While traveling with his father, young Alec becomes fascinated by a mysterious Arabian stallion who is brought on board and stabled in the ship he is sailing on. When it tragically sinks ... See full summary »
Inspired by the novels of Walter Farley. After being shipwrecked on a remote desert island, courageous, young Alec Ramsay and a wild Arabian stallion named the "Black," form an irrevocable ... See full summary »
Richard Ian Cox,
Docs Keepin Time
A mother tells her daughter a fable about the prince of the brumbies, brumby being a term for the feral horses of Australia, who must find its place among its kind, while one man makes it his mission to capture it and tame it.
The three main Arab characters were played by white actors. Ferdinand Mayne and Allen Garfield were Jewish, while Vincent Spano is an Italian-American. See more »
In the scene when Alec finally finds the Black in the desert valley with the other horses and whistles for him, there is a modern woman in a sleeveless flowered top with frizzy blonde hair sitting on a rock behind him in a few shots. See more »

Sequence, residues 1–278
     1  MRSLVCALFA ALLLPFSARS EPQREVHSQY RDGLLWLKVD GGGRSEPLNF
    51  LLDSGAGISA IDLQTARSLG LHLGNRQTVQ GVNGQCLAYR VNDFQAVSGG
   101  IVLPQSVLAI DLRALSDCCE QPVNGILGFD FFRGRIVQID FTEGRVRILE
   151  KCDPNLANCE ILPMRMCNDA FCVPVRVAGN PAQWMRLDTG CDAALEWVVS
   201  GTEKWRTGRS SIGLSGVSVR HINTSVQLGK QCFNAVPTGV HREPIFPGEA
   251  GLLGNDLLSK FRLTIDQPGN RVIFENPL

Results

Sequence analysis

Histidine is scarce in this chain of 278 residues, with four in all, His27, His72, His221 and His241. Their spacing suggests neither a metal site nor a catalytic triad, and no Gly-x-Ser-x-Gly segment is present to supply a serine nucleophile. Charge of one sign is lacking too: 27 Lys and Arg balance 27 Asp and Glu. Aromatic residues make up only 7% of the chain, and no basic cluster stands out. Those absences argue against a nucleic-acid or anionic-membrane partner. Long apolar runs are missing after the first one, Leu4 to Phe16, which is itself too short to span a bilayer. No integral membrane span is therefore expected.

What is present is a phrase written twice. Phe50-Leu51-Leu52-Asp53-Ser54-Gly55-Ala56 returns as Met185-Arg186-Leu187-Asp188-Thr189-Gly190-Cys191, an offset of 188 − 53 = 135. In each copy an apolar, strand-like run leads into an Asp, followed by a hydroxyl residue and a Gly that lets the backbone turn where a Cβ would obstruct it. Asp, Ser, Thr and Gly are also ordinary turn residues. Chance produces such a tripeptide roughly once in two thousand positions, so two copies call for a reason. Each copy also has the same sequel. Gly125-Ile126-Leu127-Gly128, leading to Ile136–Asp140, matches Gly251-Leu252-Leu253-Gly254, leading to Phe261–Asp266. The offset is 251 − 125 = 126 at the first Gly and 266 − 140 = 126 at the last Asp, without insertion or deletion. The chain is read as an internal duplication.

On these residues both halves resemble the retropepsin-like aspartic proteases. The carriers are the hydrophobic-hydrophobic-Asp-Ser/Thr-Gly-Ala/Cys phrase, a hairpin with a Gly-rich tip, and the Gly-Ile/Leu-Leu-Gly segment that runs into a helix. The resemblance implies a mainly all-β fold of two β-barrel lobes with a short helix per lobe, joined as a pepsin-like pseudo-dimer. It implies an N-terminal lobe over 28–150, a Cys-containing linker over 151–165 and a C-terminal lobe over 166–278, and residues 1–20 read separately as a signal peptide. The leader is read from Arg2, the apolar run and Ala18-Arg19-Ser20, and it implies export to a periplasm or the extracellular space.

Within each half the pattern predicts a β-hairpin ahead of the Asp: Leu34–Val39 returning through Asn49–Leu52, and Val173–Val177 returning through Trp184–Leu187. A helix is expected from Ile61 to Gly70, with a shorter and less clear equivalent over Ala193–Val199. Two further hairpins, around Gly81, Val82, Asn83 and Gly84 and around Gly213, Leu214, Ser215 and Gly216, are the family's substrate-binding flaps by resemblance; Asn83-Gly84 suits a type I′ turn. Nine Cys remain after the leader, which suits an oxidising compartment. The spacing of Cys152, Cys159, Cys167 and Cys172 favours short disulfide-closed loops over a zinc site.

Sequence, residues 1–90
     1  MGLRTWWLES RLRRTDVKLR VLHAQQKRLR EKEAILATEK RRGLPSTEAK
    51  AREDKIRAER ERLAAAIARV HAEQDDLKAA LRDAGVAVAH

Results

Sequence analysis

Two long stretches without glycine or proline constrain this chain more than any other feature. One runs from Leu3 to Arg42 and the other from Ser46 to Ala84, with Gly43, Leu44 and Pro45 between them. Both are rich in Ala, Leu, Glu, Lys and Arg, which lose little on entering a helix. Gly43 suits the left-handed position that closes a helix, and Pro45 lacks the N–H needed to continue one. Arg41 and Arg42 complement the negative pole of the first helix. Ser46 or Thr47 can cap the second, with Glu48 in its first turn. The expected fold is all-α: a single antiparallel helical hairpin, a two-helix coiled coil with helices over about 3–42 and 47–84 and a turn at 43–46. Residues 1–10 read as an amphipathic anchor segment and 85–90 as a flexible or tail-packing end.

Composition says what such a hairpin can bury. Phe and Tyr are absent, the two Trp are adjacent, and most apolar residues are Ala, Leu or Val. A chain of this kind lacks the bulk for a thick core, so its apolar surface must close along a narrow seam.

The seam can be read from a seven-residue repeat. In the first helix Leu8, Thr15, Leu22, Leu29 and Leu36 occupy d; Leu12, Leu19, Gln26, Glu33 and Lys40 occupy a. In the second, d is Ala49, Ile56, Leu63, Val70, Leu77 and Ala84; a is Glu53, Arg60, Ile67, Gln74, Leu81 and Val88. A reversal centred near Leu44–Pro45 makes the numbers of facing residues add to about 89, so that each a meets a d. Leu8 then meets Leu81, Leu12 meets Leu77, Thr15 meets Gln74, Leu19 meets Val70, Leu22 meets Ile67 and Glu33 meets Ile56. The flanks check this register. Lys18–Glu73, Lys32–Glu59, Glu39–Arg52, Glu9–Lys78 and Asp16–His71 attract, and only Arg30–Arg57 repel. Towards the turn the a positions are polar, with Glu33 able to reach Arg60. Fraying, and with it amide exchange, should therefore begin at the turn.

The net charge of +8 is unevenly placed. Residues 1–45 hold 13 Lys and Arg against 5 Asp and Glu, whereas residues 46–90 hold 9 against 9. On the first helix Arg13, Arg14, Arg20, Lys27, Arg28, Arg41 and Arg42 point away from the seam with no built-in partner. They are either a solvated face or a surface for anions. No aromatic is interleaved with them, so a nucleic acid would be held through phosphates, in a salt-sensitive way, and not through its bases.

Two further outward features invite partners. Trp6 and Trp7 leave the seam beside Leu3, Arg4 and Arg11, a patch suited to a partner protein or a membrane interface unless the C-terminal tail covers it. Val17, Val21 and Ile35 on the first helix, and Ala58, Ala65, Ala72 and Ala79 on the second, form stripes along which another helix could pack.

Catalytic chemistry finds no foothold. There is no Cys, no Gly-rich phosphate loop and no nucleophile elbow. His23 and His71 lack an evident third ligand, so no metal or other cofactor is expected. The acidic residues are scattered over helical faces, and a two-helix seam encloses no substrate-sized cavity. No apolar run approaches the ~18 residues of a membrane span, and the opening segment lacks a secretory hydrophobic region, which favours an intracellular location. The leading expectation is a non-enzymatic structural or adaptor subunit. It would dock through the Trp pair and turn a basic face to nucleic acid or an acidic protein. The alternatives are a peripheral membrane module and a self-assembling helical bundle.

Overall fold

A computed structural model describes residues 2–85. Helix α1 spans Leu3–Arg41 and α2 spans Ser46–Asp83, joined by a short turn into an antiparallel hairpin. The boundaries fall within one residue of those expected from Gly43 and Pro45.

Great family film involving Arabs - to counter the usual racist trash
A great family film, about a boy from the U.S.A. and a horse from Arabia. The boy meets and befriends Arabs and Muslims and rides the horse in a grueling Arab marathon horse race.
What is most important about this film is that it is that rare gem: a Hollywood film that shows Arabs and Muslims realistically: as human beings, instead of depicting them as terrorists or fanatics, which is what Hollywood usually does (see the documentary "Reel Bad Arabs" for more about that topic). After all, the reality is that most Muslims are not terrorists or fanatics.
This film helps people to appreciate ethnic diversity, instead of hating what is different... therefore, unlike many media portrayals of Arabs and Muslims, the film helps to increase peace and harmony in the world.
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